One of the average business person’s worst pet-peeves is using an elevator in a big building. Everyone crowds in on the bottom floor, and then it’s an endless trip, floor-by-floor, until you reach your destination. Worse, at the end of the day, you get in on your floor, along with 20 other people, and then the elevator stops, going down, floor-by-floor, even though there’s no room for anymore people. You wave at them, they say, "I’ll wait for the next one," then you get a migraine and are mean to everyone you meet for the next hour-and-a-half (sorry about that!).
The New York Times has a story on the biggest change in elevator history since the invention of automated-floor-leveling. New elevators currently being installed in such places as the New York City’s Marriott Marquis and 7 World Trade Center will reduce waiting times and overcrowding.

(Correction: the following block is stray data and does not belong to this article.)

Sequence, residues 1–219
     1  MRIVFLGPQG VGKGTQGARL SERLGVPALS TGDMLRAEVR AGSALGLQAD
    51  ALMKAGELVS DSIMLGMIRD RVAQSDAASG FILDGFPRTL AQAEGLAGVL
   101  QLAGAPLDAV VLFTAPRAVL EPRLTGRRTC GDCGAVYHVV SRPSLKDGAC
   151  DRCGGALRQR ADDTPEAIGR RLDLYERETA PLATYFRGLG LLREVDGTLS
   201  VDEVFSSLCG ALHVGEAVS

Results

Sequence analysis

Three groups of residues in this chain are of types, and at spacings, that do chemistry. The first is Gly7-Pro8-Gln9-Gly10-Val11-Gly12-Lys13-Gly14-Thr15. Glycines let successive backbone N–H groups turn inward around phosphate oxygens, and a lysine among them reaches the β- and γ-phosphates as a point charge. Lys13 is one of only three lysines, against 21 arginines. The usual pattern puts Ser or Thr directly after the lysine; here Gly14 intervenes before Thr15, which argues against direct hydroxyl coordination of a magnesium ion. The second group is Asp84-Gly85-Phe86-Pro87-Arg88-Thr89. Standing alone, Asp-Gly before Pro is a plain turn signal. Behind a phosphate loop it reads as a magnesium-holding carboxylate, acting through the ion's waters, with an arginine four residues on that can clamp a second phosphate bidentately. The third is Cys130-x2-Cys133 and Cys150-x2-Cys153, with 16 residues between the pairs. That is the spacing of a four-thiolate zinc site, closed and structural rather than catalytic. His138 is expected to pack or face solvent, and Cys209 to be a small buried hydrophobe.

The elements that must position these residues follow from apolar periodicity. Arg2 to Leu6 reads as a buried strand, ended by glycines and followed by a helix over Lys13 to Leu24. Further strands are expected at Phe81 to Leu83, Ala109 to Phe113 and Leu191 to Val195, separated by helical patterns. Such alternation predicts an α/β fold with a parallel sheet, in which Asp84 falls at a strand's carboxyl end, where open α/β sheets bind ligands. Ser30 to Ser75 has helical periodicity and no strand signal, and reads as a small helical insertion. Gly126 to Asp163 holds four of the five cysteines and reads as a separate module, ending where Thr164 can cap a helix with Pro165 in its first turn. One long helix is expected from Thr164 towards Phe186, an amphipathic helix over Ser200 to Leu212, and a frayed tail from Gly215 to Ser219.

Instead of pushing the button in the lobby saying you are going up, you punch in your destination floor number. The elevators run a computer program to determine which elevator is best for you to use. Therefore, the other 10 of you waiting to get on to go to floor 28 get into one cab, while the three people going to floors 4, 9, and 17 wait for another one.
It seems all very logical. It will take a lot to get people to adapt to it (much like those people unhappy that the MBTA is going to a tokenless system over the coming months).
Once the general public finds out about it, everyone will be clammoring for the new elevators, everywhere.